Norman Lamont London, UK
- Adviser to the UK Government
- Chancellor of the Exchequer (1990-93)
- Vocal opponent of UK membership of the euro
A Conservative MP for 25 years, Lord Norman Lamont was Chancellor of the Exchequer during the UK’s last recession, presiding over the withdrawal of sterling from the Exchange Rate Mechanism and what quickly became known as Black Wednesday. His period in office saw the economy move from a deep recession which he inherited into a recovery based on low inflation and sound public finances that lasted for the next fifteen years. Sir Alan Walters, economic adviser to Mrs Thatcher, described him as “not only the most effective, but also the bravest Chancellor since the war.”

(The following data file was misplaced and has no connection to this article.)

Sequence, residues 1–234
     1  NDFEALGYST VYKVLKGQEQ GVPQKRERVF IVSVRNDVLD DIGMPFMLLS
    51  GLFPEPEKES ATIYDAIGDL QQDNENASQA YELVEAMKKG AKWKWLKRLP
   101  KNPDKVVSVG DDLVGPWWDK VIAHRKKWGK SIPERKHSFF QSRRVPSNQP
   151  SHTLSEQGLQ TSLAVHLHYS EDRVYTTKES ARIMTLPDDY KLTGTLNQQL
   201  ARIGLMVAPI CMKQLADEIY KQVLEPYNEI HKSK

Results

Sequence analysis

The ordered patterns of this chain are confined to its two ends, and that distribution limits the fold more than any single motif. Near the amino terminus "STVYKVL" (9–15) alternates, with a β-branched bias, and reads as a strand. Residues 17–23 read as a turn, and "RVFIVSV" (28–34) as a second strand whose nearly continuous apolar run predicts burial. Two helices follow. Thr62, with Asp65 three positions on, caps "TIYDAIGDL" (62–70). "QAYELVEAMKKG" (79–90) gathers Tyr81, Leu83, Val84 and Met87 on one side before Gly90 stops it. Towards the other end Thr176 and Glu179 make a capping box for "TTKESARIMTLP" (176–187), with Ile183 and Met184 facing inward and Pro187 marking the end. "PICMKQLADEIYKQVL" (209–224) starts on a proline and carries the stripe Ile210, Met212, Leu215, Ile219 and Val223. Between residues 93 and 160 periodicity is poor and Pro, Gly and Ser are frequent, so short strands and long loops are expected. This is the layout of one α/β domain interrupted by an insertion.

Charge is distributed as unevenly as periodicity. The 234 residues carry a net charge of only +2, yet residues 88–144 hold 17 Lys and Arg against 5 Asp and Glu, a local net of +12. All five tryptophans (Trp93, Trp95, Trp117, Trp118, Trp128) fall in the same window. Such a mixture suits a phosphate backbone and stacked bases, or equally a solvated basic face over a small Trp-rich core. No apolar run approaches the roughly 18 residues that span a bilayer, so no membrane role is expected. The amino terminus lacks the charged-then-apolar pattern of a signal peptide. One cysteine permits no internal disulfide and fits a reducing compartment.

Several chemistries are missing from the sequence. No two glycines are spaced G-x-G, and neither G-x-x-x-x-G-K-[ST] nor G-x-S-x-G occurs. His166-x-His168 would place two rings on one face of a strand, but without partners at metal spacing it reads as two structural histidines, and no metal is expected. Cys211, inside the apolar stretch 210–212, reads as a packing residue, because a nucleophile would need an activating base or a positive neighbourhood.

He was Britain’s negotiator at Maastricht and secured Britain’s optout from the Euro, which he has always opposed.
Originally an investment banker with NM Rothschild, Norman served in successive governments under Margaret Thatcher and John Major for a total of 14 years, in the Departments of Energy, Industry, Defence and the Treasury. In 1986, he moved to the Treasury, first as Financial Secretary to the Treasury, then Chief Secretary to the Treasury.
As Chancellor, he appointed the 26 year-old David Cameron as his special advisor. When David Cameron became Prime Minister, he invited Lord Lamont to join a panel of former Chancellors to advise on dealing with the financial crisis. As well as giving thoughtful speeches on the economy Norman also has a rich store of highly amusing political anecdotes.